While I explain the plot of Korean animation The Satellite Girl and Milk Cow I ask that you have faith that I am not making this up.
A satellite is orbiting in space when it picks up a beautiful song. So moved is the satellite that it wants to seek out the source of the melody so crashes down to earth and transforms into a teenage girl with the ability to fly and fire her arms at enemies. Unfortunately the young boy who sang the tune is broken-hearted and has been turned into a cow. This has led to him being hunted down by both an incinerator robot whose fuel is the broken-hearted, and a human villain who uses a plunger to extract the livers of animals.
“How will this robot girl and talking cow survive?” I hear you cry. Fear not. Our dynamic duo have the aid of a powerful wizard called Merlin who has also suffered a transformation recently. Into a roll of toilet paper. I don’t think any film I have seen at this year’s festival has had quite such a tantalising set up and The Satellite Girl and Milk Cow is every bit as silly and enjoyable as you might imagine.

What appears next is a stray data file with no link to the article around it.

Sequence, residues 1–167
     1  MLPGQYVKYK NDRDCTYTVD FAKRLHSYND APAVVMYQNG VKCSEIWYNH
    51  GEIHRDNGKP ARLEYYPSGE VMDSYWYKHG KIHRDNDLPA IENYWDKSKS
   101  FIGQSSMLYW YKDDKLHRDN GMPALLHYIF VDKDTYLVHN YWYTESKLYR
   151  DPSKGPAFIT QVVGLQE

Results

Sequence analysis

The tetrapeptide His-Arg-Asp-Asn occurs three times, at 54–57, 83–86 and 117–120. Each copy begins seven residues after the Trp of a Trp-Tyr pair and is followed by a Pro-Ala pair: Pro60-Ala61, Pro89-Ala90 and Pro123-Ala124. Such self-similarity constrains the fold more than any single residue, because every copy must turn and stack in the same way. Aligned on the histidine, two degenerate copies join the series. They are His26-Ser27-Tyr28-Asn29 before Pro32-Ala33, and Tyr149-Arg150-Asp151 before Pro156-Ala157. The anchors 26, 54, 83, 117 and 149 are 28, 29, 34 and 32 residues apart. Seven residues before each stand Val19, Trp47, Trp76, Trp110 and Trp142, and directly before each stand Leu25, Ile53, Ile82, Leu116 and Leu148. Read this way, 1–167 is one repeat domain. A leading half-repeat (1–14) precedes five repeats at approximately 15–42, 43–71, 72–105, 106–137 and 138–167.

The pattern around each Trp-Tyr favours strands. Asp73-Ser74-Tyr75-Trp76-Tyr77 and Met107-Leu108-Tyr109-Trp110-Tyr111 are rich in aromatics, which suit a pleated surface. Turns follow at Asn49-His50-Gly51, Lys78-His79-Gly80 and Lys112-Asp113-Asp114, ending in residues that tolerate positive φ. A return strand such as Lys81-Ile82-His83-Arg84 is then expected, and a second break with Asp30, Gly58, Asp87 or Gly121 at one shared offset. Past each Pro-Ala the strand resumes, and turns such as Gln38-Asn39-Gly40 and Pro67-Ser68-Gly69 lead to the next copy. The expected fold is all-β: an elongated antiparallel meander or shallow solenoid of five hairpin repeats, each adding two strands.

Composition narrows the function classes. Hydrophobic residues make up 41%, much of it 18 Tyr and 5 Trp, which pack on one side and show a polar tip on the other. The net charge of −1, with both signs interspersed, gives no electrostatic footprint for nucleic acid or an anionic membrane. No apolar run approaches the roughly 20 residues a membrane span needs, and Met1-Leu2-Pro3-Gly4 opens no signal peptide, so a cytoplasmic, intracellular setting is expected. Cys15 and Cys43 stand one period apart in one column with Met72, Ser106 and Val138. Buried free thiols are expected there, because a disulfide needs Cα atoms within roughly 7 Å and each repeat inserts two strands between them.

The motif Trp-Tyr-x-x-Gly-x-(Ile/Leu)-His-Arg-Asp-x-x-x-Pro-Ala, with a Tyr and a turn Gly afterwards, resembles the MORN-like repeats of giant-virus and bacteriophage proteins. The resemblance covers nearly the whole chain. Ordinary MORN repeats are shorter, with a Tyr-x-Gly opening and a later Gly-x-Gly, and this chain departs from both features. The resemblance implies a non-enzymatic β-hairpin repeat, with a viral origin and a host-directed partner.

The Satellite Girl and Milk Cow is not a film that requires too deep an analysis and I am struggling to think of much more to say than that it was a lot of fun. The visuals are reminiscent of Japanese animation with the style of a low budget Studio Ghibli film. This may not be the most original aesthetic but the plot certainly makes up for this with fresh ideas in spades. While undeniably a children’s film the humour is silly and funny without being too childish. Even the toilet humour has just enough sophistication to be actually funny and not repulsive. I laughed but never groaned and that is all I ask from a comedy.
What this film has in abundance is charm, heart, and magic. The bad guys are truly bad and the good guys are a little bit more complex. Our hero, the young boy in the shape of a cow, makes mistakes and hurts those who care for him but gets it right in the end. The Satellite Girl and Milk Cow is endlessly endearing and offers something a little different in familiar packaging.
Go on, indulge your inner child.
The Satellite Girl and Milk Cow has no UK release date yet but screens at the London Film Festival on the 18th of October 2014.